This demo shows how you can control a lot about the styling. It uses portal={false} on the ComboboxPopover which allows us to create a continuous outline around the entire thing.

(() => {  function Example() {    let [term, setTerm] = React.useState("");    let results = useCityMatch(term);    const handleChange = (event) => setTerm(event.target.value);    return (      <Combobox className="pink">        <ComboboxInput onChange={handleChange} />        {results && (          <ComboboxPopover portal={false}>            <hr />            {results.length > 0 ? (              <ComboboxList>                {results.slice(0, 10).map((result, index) => (                  <ComboboxOption                    key={index}                    value={`${result.city}, ${result.state}`}                  />                ))}              </ComboboxList>            ) : (              <p                style={{                  margin: 0,                  color: "#454545",                  padding: "0.25rem 1rem 0.75rem 1rem",                  fontStyle: "italic",                }}              >                No results :(              </p>            )}          </ComboboxPopover>        )}      </Combobox>    );  }  function useCityMatch(term) {    let throttledTerm = useThrottle(term, 100);    return React.useMemo(      () =>        term.trim() === ""          ? null          : matchSorter(cities, term, {              keys: [(item) => `${item.city}, ${item.state}`],            }),      [throttledTerm]    );  }  return <Example />;})();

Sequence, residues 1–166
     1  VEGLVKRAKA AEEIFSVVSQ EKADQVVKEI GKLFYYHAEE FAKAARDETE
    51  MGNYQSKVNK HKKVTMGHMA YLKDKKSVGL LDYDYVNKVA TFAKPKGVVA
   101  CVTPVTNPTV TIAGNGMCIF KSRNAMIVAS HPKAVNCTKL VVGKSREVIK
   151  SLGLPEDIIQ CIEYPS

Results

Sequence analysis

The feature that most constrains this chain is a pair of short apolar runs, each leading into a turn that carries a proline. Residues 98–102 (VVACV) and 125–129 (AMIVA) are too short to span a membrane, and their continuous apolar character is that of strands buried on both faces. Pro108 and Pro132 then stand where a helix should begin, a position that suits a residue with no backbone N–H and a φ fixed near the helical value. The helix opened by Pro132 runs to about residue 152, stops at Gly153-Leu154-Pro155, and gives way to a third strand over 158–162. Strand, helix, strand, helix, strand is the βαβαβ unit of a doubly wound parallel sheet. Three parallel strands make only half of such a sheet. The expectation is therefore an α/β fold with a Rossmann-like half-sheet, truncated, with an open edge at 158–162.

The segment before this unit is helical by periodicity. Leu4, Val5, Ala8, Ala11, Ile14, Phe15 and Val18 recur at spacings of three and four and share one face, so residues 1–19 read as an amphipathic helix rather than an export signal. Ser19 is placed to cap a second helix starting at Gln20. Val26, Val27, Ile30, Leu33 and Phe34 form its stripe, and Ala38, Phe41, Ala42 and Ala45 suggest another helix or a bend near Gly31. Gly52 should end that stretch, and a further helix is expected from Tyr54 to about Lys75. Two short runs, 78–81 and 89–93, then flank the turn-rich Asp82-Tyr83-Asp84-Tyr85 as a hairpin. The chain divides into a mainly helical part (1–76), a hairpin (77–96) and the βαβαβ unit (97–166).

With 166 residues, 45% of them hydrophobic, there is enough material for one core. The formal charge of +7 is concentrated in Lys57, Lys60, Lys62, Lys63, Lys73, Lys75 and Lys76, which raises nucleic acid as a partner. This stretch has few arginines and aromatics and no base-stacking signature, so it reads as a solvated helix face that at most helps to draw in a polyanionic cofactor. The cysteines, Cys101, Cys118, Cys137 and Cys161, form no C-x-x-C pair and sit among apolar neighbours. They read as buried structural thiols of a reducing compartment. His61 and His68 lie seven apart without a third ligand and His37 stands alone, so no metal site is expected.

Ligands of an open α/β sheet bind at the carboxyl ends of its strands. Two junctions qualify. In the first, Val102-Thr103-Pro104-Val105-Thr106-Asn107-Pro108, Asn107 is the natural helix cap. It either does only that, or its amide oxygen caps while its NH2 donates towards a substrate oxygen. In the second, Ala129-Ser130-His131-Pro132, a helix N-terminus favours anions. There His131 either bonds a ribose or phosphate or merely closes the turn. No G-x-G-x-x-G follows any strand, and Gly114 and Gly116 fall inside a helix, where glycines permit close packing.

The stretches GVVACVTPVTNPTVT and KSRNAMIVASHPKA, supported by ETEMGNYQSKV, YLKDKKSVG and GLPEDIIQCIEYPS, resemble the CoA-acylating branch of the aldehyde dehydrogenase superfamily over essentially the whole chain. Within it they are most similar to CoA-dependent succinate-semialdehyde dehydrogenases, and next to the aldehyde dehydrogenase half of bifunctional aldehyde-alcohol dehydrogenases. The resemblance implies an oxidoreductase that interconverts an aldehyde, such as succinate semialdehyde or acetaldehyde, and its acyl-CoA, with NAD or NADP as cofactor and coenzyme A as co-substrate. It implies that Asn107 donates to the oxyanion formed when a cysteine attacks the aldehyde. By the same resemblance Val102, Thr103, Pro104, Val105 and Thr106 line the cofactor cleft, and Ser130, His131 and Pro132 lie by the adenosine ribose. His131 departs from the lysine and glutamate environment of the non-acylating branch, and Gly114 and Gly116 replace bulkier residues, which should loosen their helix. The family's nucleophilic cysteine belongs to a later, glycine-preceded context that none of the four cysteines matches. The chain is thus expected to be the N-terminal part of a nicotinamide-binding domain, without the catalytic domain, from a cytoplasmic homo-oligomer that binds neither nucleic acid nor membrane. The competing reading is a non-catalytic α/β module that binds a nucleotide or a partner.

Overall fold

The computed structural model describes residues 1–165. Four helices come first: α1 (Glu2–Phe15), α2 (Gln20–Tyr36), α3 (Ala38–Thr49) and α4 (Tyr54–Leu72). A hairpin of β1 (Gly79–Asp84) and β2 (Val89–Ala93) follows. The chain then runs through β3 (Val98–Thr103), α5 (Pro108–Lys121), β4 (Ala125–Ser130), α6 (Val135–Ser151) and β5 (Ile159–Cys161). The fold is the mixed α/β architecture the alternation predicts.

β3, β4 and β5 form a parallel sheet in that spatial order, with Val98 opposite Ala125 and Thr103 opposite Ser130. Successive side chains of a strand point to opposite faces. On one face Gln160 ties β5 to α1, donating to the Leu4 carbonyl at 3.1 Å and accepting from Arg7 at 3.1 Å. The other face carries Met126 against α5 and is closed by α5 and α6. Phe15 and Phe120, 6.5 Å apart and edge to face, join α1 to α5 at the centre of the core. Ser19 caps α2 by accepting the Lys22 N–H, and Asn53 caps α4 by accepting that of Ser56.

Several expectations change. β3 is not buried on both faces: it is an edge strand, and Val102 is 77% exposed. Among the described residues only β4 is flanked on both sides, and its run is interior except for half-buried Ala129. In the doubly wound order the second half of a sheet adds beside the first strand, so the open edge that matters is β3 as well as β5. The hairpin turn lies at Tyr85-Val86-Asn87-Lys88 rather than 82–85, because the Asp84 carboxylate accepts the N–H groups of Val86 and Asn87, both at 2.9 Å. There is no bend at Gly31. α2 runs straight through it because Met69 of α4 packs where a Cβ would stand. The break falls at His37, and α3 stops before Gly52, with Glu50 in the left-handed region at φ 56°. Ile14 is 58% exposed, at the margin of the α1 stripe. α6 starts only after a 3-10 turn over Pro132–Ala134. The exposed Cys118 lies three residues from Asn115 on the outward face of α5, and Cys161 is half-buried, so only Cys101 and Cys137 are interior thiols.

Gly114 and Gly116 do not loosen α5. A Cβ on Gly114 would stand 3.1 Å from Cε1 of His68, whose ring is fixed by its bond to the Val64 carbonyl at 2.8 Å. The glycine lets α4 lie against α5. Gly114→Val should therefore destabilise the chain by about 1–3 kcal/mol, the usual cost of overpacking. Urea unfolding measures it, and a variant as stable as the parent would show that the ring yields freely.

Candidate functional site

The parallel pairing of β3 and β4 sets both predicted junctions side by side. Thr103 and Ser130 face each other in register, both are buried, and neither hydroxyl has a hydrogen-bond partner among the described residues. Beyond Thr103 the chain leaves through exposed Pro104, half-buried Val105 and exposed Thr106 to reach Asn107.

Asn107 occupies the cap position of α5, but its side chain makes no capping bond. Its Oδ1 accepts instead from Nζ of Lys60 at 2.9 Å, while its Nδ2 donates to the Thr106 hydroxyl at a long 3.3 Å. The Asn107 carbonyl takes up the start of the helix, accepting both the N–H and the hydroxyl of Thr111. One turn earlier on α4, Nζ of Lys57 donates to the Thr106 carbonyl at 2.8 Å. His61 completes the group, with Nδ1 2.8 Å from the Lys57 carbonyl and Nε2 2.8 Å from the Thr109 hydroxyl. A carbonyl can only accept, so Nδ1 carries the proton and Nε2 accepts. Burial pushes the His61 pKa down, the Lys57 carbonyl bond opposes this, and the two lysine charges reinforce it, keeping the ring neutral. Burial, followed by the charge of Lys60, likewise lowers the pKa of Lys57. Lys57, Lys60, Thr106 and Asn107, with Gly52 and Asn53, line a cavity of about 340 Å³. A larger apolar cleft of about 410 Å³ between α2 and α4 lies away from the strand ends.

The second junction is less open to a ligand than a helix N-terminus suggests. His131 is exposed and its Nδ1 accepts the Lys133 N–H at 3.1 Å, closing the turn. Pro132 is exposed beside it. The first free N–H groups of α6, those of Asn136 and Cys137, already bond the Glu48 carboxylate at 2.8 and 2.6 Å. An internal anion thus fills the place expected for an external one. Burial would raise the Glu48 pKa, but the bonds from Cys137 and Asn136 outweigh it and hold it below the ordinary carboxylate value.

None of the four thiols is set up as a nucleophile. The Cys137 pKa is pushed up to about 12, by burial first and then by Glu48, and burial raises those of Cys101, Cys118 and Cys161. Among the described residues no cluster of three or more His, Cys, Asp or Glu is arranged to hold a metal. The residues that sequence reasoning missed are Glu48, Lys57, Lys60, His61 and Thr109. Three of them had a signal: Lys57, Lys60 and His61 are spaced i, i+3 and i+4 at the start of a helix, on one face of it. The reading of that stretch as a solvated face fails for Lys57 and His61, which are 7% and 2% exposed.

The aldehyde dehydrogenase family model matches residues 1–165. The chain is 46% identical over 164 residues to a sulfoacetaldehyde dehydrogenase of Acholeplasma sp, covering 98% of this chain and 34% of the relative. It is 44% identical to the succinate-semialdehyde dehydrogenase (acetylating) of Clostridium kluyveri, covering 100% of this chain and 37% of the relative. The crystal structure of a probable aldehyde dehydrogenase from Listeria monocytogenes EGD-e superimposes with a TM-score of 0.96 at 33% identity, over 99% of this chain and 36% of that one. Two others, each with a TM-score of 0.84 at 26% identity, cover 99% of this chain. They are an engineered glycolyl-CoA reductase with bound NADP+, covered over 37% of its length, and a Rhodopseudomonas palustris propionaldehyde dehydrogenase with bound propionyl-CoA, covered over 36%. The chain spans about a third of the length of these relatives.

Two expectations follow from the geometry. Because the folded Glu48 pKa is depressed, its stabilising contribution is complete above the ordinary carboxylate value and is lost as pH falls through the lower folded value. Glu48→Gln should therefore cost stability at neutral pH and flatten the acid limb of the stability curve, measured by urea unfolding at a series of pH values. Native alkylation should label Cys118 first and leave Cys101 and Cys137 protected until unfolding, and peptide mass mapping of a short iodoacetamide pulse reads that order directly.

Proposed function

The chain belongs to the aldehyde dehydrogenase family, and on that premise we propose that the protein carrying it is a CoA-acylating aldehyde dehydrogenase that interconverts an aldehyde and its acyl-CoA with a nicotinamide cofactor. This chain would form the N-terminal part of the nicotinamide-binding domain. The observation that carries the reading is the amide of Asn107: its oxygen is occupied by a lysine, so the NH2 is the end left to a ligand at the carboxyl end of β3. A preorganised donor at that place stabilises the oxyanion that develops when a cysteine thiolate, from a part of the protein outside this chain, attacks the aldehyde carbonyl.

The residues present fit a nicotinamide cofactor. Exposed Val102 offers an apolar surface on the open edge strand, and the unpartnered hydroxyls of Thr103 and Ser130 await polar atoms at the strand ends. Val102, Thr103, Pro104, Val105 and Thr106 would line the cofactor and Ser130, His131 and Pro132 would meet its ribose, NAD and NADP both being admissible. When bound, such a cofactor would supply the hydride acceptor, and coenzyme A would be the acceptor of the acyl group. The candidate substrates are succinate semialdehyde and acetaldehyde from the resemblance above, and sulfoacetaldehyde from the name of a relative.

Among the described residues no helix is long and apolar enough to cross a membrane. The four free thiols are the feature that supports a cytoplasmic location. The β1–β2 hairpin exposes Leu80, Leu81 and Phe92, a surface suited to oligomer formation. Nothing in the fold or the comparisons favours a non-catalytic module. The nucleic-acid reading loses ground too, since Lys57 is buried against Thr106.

CSS Selectors

Please see the styling guide.

[data-reach-combobox] {}[data-reach-combobox-input] {}[data-reach-combobox-popover] {}[data-reach-combobox-list] {}[data-reach-combobox-option] {}[data-reach-combobox-option][data-highlighted] {}[data-reach-combobox-button] {}/* the string portions that match what the user has typed */[data-user-value] {}/* the string portions are suggested */[data-suggested-value] {}

Component API

Combobox

Parent component that sets up the proper aria roles and context for the rest of the components.

Combobox Props

PropTypeRequired
asstring | Componentfalse
childrennode | funcfalse
openOnFocusbooleanfalse